The Latest Updates From the Caribbean Islands Affected by Hurricanes

Anguilla. // Photo by Joe Pike

Travel Agent recently sat in on the Caribbean Tourism Organization's (CTO) series of press briefings conducted by tourism officials from Caribbean islands impacted by last year's hurricane season.

Here are the highlights. 


Alison Ross, senior vice president of the Anguilla Tourist Board for North America, says Anguilla is open for business. In fact, the island’s airport actually reopened within a week of Hurricane Irma’s passage, followed by the opening of the island’s two most important gateways, San Juan and St. Maarten.

Ross says ferry services are operating on their regular schedules from Blowing Point to both the Dutch and French sides of St. Maarten/St. Martin. However, Anguilla did lose its Blowing Point ferry terminal, but plans are in place for a brand new facility, which is a welcome development for the island, says Ross. For now, both visitors and residents are being processed through the police station at Blowing Point, and the police station at Simpson Bay in St. Maarten.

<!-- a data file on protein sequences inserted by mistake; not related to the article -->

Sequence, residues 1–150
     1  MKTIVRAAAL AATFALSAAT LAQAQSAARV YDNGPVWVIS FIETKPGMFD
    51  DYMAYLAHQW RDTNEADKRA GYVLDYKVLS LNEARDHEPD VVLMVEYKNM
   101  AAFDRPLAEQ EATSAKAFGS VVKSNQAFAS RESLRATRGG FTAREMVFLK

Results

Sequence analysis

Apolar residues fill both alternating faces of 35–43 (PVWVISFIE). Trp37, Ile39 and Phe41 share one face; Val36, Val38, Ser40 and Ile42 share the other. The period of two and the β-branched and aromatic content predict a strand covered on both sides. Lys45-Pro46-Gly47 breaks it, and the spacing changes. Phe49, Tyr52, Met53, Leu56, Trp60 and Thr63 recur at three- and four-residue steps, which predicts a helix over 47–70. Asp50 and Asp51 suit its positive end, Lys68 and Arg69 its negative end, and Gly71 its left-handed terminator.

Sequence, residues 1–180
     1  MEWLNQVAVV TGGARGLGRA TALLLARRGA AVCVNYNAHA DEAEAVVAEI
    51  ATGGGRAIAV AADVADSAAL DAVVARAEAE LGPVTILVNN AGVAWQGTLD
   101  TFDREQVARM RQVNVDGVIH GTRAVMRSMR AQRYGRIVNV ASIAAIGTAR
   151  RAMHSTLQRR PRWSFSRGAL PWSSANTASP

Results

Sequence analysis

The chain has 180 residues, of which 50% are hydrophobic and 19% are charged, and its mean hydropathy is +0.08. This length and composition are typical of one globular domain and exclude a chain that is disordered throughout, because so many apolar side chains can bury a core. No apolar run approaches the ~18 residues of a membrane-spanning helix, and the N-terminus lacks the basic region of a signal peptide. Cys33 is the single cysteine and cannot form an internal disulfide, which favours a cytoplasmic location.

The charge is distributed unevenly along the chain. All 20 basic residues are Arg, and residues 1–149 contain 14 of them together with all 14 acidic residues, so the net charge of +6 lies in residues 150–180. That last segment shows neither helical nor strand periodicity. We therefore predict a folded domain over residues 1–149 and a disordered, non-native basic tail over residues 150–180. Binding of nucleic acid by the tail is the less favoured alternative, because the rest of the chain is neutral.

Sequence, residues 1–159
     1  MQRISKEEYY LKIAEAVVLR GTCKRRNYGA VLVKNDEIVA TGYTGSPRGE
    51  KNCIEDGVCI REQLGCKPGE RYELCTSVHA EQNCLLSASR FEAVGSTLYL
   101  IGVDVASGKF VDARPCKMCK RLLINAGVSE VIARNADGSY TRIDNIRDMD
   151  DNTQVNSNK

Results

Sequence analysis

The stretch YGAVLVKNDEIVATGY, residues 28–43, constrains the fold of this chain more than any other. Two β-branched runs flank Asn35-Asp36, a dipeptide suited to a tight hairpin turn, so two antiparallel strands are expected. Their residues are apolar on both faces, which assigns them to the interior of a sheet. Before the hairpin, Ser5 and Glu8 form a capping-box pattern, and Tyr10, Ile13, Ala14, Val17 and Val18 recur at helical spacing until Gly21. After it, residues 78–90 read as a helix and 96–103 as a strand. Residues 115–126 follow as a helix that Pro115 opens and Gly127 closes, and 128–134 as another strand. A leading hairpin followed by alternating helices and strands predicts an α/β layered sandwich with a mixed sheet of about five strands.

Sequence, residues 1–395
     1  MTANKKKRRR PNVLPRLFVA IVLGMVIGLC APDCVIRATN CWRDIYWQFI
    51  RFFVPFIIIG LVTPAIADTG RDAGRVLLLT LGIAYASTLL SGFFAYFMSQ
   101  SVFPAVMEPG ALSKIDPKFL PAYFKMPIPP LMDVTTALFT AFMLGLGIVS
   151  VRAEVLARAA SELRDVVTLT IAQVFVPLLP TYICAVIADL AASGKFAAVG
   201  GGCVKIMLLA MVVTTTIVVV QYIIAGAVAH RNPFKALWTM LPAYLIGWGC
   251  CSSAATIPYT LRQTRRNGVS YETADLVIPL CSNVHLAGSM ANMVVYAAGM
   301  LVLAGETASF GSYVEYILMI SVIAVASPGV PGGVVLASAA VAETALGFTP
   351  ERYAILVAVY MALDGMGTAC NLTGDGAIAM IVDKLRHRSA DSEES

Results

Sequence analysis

Electricity was restored island wide before Christmas, along with cellular and internet service. Anguilla’s roads and beaches are cleared, gas stations, pharmacies, hospitals, supermarkets are all open and children have been back in school since November.

Ross says the island currently has about 1,200 hotel rooms available on island, along with a wide selection of villas, boutique hotels and apartment rentals. Ross also noted that roughly 90 percent of our restaurants are back in operation, along with most of our attractions.

St. Maarten/St. Martin

Airlift into St Maarten has been reduced, but service is gradually being restored. JetBlue currently has daily service from New York; American operates daily from Miami, and Delta flies three times a week from Atlanta, and United has weekly service from Newark. The public ferry service to Marigot Bay in St. Martin operates every 45 minutes, with 14 trips a day.

According to St. Marin tourism officials, most hotels were destroyed, but about 200 hotel rooms are now available, with 500-600 rooms expected to be open by December and a total of 700 expected to be open by the end of the year.

Antigua and Barbuda 

Colin James, CEO of the Antigua and Barbuda Tourism Authority, said it will cost a total of roughly $250 million to fully repair the island of Barbuda, which was arguably the hardest hit island during last year’s hurricane seasons. On a positive note, however, James says that "Antigua is 100 percent opened for business -  all restaurants, all tourism products, all attractions."

Visit and keep visiting for all your latest travel news. Be sure to follow Travel Agent’s Joe Pike on Twitter @TravelPike and Instagram @pike5260.

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